Well, with Obscura we started with a new lineup because Obscura already existed for a couple of years. But I joined the band [in] late 2007, together with Hannes Grossmann. Hannes Grossmann played before with Necrophagist. After I joined – actually [it was] early 2008 – Christian Muenzner, also from Necrophagist – he left Necrophagist I think in 2006 or 2007 – but he joined also, so the lineup changed 75%, and then actually we recorded this demo – it's still on my website, I think – just to see if there would be interest. We didn't expect anything at all, looking for a label. And we're thinking about releasing an album. And from that point, it went really fast. We got this deal with Relapse, we recorded the album, and I was in touch with [Cannibal Corpse bassist] Alex Webster. We were both very enthusiastic about the idea to tour together, Cannibal Corpse and Obscura.
In April 2009 we did a U.S. tour for one month together, good venues, that was really successful. I feel that the American market is the main market for Obscura. Afterwards Obscura did also a European tour with Cannibal Corpse, and now we are doing a European tour, one month long, with the Black Dahlia Murder.
Do you have plans for touring in the spring, [or] in the summer?
Well, actually, what we're going to do is play festivals in Europe this summer. We will play at the Inferno Festival, in Norway, that's April 2. Hellfest, in France, that's June 20...I will also be touring with Pestilence in May and June, in the U.S.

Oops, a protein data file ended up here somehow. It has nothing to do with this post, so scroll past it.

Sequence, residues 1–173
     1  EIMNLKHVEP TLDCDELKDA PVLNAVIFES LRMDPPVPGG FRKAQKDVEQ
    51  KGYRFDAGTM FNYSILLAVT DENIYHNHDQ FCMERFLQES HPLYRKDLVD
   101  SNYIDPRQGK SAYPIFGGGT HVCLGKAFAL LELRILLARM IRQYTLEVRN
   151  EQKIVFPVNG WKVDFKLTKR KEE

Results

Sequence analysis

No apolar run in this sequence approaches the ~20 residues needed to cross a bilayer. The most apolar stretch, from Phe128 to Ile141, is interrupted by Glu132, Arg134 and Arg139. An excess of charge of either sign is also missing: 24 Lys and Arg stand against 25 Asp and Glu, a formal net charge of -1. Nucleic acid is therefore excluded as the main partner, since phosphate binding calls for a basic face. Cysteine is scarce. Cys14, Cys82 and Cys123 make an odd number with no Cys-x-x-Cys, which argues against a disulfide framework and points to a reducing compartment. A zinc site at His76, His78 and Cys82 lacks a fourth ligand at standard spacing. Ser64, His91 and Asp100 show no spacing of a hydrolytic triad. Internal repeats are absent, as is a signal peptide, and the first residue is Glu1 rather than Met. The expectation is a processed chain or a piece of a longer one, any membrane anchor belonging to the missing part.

Maybe there's one little detail, what's interesting to mention because, you know, we were talking about the bass guitar of a metal production, if you take it a little bit broader.
I can say that that if you [listen to] ‘80s metal, bass guitar was already very in front of [the] mix. Like, if you listen to Iron Maiden, Steve Harris, it's very important. But somehow instruments disappeared in the sound, in the production. And especially in death metal, you know? It was just, like, there was nothing, you didn't hear any bass at all. So actually what I wanted to explain [to] you is that I think it is a very positive development that the bass guitar, for me, really came back into metal again. I'm very happy with that. And I'm sure that a lot of bassists will be happy with that, too.
Yeah, and that's really what this article is about. It's really about the reemergence of not just metal – because metal is so huge right now; there's always a market for it, but it's not always this hot and big – but that bass is hot in metal right now, it just is. You just see all these players coming up and it's not like you would think about when you think about metal bass.
Yeah, well, it's like, we have got so much attention also with this album, it's incredible, we never expected it, but of course we are very happy with it. But I can assure you, Bryan, and you can put that in the interview as well, that I am still working every day, I'm working very hard to develop my signature better and better, because I'm still not satisfied. There needs to be much more Arabic influences in my signature, and somehow I know I will succeed, but I'm not satisfied yet, so I need some more time to work on it.